After nearly a decade of steady declines, Baltimore has surpassed the grim milestone of 200 homicides for the second straight year. If the killing continues at the current rate, it will far exceed 2012's total of 217. What makes this particularly disturbing is that all the indications suggest that what we're seeing isn't just a temporary statistical blip but the start of what could be a long-term upward trend.
Now is the time for Mayor Stephanie Rawlings-Blake, City Police Commissioner Anthony Batts, the State's Attorney's Office and the City Council to declare unequivocally and with one voice that this is a completely unacceptable development that demands their complete attention. At the same time the public must demand that Baltimore officials hold themselves and each other accountable for turning around the upswing in killings, starting now. There's no more urgent task facing city government because it's become obvious that if this situation is allowed to continue, not only will it get worse, it will put at risk every other initiative the city is taking to improve the quality of life here.
Commissioner Batts says he’s outraged by the violence, but he can no longer avoid the fact that much of the increase in homicides coincids with his tenure as the city’s top cop, which began last September. He owns it now, and it’s up to him to show that the changes he has introduced in the department are actually having an impact on the crime statistic that most defines Baltimore’s public image. He trumpeted the indictment of 48 alleged Black Guerrilla Family gang members on Thursday as the sort of thing that will bring down violent crime. That sounds good, but we’ve seen big indictments before that haven’t changed the reality on the streets.
Granted, yearly homicides are not always the best indicator of how well the police department is coping with the city's most violent offenders; the numbers can go up or down unpredictably because of any number of factors beyond the department's control. But if a long-term decline suddenly turns into a sustained upward trend, that's a sign something isn't working, and it's Mr. Batts' job to find out what it is and fix it.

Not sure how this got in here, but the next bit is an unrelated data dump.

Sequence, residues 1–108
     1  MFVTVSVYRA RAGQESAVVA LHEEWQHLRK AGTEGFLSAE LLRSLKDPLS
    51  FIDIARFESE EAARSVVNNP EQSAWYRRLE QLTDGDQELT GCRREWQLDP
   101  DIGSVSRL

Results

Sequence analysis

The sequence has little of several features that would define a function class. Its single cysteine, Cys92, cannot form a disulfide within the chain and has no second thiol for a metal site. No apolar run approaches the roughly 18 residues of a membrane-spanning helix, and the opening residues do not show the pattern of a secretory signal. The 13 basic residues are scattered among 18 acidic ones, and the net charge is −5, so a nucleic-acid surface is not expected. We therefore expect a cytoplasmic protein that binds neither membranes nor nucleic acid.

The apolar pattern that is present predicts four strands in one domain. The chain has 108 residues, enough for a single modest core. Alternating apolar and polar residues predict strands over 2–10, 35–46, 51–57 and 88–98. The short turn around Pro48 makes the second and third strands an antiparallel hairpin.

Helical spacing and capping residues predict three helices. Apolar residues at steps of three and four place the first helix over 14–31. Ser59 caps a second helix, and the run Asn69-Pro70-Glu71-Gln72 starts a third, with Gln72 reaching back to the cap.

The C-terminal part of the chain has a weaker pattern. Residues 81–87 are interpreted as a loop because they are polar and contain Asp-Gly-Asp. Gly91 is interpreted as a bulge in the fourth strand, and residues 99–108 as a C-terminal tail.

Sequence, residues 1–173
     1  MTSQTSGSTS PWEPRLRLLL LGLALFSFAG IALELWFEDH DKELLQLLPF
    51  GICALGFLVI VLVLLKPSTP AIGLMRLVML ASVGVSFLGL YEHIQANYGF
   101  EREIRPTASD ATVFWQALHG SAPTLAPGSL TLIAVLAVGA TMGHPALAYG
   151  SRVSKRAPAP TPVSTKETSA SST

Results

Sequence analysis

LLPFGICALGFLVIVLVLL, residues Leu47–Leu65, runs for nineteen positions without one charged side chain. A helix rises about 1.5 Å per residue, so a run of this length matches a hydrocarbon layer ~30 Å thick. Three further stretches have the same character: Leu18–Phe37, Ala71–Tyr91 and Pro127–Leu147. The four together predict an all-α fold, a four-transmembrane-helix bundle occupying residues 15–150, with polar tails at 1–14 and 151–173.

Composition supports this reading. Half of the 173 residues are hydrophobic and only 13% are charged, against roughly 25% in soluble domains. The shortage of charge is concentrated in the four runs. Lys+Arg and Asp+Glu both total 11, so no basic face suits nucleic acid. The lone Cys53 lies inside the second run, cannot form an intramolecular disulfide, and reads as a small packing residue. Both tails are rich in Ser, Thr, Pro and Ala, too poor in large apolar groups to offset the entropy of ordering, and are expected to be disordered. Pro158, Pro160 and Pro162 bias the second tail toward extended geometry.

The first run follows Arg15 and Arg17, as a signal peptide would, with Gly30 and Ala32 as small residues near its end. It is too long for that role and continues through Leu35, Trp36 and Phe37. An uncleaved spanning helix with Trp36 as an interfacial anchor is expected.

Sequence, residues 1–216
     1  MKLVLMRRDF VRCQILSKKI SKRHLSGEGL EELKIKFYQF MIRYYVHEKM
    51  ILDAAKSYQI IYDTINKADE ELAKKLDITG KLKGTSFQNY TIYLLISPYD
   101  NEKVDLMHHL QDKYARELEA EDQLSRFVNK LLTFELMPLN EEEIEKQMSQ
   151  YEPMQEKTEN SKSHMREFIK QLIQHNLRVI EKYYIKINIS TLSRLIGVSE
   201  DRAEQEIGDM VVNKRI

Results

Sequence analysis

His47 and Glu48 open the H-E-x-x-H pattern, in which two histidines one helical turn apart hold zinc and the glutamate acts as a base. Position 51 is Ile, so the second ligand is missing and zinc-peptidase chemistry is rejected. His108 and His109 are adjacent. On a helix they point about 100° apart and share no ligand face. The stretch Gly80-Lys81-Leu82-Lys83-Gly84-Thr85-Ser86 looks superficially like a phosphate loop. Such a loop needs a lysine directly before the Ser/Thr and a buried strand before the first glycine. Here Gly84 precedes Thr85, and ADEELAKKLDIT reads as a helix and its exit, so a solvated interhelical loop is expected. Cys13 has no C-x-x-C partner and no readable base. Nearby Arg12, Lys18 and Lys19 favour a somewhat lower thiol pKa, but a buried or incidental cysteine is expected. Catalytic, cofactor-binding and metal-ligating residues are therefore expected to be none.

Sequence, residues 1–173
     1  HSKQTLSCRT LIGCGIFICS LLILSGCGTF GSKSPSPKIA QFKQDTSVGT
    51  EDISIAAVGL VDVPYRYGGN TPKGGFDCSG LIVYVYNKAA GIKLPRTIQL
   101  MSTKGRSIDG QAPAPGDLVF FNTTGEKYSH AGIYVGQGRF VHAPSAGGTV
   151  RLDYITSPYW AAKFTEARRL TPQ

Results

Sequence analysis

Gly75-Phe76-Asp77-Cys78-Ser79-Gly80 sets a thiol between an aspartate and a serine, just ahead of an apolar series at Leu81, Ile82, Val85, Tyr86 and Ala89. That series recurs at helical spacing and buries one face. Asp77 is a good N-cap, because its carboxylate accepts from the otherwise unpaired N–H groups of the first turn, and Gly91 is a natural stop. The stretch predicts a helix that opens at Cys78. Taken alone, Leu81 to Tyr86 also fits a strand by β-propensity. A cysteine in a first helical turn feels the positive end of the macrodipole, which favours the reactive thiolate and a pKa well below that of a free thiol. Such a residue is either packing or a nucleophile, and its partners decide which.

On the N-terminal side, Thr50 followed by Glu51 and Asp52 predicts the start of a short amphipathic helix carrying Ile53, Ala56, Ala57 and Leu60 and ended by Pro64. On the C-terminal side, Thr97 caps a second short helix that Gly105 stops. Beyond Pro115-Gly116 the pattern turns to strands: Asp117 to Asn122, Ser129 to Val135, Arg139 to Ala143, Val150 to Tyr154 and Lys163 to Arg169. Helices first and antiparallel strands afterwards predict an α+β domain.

Mr. Batts hired an outside consultant earlier this year to come up with a strategic plan for the police department that was supposed to take 90 days to complete. The review cost the city $285,000, yet officials say a draft of the report still isn't ready for release. It's past time for Mr. Batts to tell the public the broad outlines of how he intends to start bringing city homicide numbers down again. He needs to speak up, and soon.
Similarly, City State's Attorney Gregg L. Bernstein needs to look at what his office can do to help police start moving homicides back onto a downward trajectory. He came into office promising a more professional operation that would cooperate more closely with police and bring results even in tough cases. He is up for re-election next year, and just like Mr. Batts, he needs to show that the staff and policy changes he's introduced since he became Baltimore's top prosecutor three years ago are making the city safer.
The mayor and the City Council likewise need to recognize that there's little chance Baltimore can achieve any of the ambitious goals it has set for itself if it can't succeed in shaking its grimy reputation as the murder capital of the mid-Atlantic region. No one wants to live in a post-industrial Dodge City where gunfights and execution-style killings are a daily occurrence on the streets. If Baltimore wants to attract new businesses, grow its population, increase its tax base and reform its school system, it simply can't afford to risk backsliding into its old violent ways.
Finally, the people of Baltimore need to demand better from themselves and their leaders. A wave of killings this summer led to a burst of public outrage, but it has not been sustained. If we allow ourselves to believe that Baltimore's violence is inevitable, it will be.
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